By Lisa Munger
Photos by Ebony Williams & Jasmin Bauomy
Egyptian Sheikh Yousef al-Qaradawi isn’t allowed to enter the United States, but Bootcampers, including 12 Americans, held court with the Muslim cleric Monday at Qatar University in Doha.
Among his remarks in a lecture entitled, “Perspectives on Islam and Arab Society,” Qaradawi said the West has a number of moral crises that foment conflict with the Arab world.
He said a lack of values and church-going, materialism, discrimination and homosexuality disgrace the West and denigrate its position in global politics.
He did not, however, attribute the same crises to the Arab world.
“The Arab world has a scarcity of moral crises,” Qaradawi said through a translator to a group of about 50 attendees, including bootcampers. “Religious and spiritual values don’t exist in the West as they do here.”
Qaradawi said the Arab world suffers from financial corruption, falsified democracies and a lack of transparency in government.
He did not list morality among the obstacles to improving Arab-American or East-West relations.
“We have a few bad guys,” he said. “But, here, we have family values and virtues not present in the West.”
Qaradawi has drawn criticism from American officials for his support of Palestinian attacks on Israeli targets, including suicide bombings and violence against civilians. U.S. officials regard him as sympathetic to terrorist groups on the U.S. “terrorist watch list.” Because of these stances, he’s not allowed to enter the country.
He is also well-known as the originator of http://www.islamonline.com/. Qaradawi uses the website to issue fatwas, religious edicts and comment on Islam.
I traveled to Qatar and Egypt for Bootcamp from Lincoln, Neb., where I attend graduate school in my home state. Nebraska is what some people call a “drive-through state,” meaning just that – you drive through it on your way to somewhere else - no one ever really stops. It’s also a conservative state that re-elected George W. Bush in 2004 by 70 percent. Cows outnumber people 4 to 1.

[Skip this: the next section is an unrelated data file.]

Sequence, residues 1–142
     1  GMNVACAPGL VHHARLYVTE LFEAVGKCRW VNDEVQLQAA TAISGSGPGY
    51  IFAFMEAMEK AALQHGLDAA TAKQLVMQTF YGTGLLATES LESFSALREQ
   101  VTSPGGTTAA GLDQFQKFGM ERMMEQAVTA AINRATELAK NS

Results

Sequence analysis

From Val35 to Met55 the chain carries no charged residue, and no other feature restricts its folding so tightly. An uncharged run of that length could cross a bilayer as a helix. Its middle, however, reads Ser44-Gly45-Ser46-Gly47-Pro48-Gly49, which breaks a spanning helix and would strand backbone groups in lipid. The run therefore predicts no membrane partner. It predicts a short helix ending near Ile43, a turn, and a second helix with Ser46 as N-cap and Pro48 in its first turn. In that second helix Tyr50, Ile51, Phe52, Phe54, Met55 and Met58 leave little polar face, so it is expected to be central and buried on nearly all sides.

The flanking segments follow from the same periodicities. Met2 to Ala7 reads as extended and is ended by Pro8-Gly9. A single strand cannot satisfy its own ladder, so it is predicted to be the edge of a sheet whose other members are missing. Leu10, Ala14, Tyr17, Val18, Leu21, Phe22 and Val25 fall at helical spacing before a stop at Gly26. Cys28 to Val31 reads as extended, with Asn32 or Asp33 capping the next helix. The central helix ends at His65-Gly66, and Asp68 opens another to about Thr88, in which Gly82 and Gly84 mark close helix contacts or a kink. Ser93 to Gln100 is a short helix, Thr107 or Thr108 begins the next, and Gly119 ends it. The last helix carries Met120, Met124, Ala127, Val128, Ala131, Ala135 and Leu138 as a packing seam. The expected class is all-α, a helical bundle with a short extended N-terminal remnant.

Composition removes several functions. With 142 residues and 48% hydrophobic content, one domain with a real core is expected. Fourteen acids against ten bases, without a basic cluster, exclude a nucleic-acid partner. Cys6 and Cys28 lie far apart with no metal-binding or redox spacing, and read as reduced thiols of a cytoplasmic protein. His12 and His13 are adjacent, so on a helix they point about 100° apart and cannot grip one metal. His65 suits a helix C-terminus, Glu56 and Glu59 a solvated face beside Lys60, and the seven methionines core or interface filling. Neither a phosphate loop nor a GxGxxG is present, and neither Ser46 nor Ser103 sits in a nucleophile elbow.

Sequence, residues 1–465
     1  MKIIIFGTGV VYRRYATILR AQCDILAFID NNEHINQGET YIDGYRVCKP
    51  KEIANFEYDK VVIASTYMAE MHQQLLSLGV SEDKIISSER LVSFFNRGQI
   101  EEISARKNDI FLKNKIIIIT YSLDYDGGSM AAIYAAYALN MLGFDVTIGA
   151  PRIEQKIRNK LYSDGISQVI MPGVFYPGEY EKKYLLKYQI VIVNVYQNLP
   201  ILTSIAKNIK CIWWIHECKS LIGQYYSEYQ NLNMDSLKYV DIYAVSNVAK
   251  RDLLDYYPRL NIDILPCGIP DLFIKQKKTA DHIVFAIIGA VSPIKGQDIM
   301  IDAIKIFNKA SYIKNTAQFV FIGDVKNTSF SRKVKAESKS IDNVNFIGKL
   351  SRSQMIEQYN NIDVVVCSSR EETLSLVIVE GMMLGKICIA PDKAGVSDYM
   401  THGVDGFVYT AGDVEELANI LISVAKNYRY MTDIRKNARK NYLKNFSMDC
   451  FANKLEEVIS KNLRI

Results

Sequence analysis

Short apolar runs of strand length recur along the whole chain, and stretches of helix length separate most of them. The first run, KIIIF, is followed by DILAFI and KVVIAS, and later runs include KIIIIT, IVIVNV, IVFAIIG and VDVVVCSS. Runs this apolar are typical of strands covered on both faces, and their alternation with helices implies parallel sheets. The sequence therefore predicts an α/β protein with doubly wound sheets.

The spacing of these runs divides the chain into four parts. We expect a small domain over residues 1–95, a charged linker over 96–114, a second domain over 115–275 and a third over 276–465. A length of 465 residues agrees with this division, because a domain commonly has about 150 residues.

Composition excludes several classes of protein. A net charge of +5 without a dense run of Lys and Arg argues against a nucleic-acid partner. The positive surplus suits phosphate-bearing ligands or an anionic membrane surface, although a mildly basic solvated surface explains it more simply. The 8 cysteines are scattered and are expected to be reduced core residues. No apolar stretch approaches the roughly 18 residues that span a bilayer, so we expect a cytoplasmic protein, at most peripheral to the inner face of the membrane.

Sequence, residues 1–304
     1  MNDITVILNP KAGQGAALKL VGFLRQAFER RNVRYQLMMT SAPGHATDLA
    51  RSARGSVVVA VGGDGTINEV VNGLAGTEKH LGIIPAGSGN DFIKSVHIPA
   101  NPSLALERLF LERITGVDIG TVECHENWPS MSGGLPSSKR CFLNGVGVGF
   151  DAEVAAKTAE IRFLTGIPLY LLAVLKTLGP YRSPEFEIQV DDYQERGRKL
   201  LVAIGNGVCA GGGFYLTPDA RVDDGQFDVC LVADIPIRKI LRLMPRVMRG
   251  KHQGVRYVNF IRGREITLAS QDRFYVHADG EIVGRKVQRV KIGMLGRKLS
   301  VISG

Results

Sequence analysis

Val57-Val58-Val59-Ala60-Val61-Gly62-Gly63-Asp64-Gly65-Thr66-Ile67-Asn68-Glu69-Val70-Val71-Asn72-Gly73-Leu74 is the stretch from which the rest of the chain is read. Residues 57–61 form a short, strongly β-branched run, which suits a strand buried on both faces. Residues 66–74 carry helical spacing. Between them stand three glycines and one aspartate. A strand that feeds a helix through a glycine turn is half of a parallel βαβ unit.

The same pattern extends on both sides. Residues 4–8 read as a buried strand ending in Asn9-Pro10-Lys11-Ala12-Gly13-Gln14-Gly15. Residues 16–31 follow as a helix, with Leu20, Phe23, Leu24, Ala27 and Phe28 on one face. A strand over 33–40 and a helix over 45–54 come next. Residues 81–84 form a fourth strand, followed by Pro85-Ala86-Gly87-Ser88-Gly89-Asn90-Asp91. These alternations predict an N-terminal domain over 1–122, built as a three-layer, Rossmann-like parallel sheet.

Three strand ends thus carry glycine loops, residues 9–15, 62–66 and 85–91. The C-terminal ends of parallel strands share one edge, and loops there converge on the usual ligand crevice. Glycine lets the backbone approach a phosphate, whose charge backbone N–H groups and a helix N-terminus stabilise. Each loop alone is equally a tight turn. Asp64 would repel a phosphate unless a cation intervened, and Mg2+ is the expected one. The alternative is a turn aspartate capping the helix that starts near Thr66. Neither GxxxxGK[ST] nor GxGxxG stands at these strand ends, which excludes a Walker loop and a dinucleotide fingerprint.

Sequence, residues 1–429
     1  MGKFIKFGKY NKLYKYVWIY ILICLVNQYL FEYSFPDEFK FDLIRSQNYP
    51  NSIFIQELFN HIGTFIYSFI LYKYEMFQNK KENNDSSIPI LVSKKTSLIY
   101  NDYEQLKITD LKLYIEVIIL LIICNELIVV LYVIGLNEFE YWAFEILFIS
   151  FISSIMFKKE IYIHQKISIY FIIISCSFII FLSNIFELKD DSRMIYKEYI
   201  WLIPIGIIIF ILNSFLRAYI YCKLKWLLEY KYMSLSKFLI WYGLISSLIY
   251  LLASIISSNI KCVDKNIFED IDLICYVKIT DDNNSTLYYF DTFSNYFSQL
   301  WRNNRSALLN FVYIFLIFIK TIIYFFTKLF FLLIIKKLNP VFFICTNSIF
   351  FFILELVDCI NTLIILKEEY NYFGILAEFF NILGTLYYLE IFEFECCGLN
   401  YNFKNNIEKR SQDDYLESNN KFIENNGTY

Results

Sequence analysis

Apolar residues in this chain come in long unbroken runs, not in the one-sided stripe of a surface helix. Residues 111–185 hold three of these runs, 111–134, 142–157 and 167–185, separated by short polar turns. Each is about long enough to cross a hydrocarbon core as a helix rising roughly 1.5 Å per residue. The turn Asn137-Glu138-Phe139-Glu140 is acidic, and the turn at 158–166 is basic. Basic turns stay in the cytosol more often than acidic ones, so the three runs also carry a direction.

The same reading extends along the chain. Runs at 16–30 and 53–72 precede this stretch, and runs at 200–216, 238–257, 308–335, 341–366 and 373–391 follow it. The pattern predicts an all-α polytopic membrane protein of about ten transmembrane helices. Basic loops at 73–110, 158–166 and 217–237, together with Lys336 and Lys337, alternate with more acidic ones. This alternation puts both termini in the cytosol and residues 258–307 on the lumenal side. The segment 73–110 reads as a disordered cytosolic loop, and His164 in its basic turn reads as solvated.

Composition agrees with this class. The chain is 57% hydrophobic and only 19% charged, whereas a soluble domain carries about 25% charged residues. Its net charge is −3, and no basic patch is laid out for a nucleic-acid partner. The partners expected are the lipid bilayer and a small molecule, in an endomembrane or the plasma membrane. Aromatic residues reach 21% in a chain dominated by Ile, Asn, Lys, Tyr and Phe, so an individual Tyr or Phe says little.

Nebraska was on my mind today at Qaradawi’s lecture. How would people at home have responded to his remarks and gesticulations? How would I have written a story about his lecture in my capacity as a reporter for my local newspaper, to add proper context and foster understanding?
Qaradawi’s response to my question about the Arab world and the West, as described in the post above, left me cold. Though I may not agree, I understand how Americans might be frightened by his rhetoric, especially after the national trauma of 9/11. My suspicion is Qaradawi’s remarks today, and response to my question, would confirm some Nebraskans’ stereotypes about a Muslim cleric disallowed from entering the U.S.
This isn’t because Nebraskans, or Americans in general, are “backwards,” (as Qaradawi said some people label Arabs) – it’s because in a super-fast world of 24-hour news, lessening space on international news pages, and fewer staff reporters abroad, the nuance which once might have provided a context for understanding Qaradawi and his comments might be more likely today to produce a headline like: “Terrorist-Sympathizer Addresses Students.”
I left the lecture more pessimistic than ever about the chances for achieving greater understanding between the Arab world and the West. I told my Egyptian Bootcamp reporting partner how I felt.
She said, not everyone is like this man… I know, I said. But, where I am from, this man, his vitriol and sweeping generalizations of the West would not only anger people, it would frighten them.